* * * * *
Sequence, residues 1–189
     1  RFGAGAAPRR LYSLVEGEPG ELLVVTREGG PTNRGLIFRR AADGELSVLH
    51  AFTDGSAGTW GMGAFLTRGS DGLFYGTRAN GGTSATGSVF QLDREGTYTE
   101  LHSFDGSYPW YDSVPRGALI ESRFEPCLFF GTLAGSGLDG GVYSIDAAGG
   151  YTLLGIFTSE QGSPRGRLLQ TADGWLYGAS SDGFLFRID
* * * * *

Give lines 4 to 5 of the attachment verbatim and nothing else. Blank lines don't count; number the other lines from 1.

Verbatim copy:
   101  LHSFDGSYPW YDSVPRGALI ESRFEPCLFF GTLAGSGLDG GVYSIDAAGG
   151  YTLLGIFTSE QGSPRGRLLQ TADGWLYGAS SDGFLFRID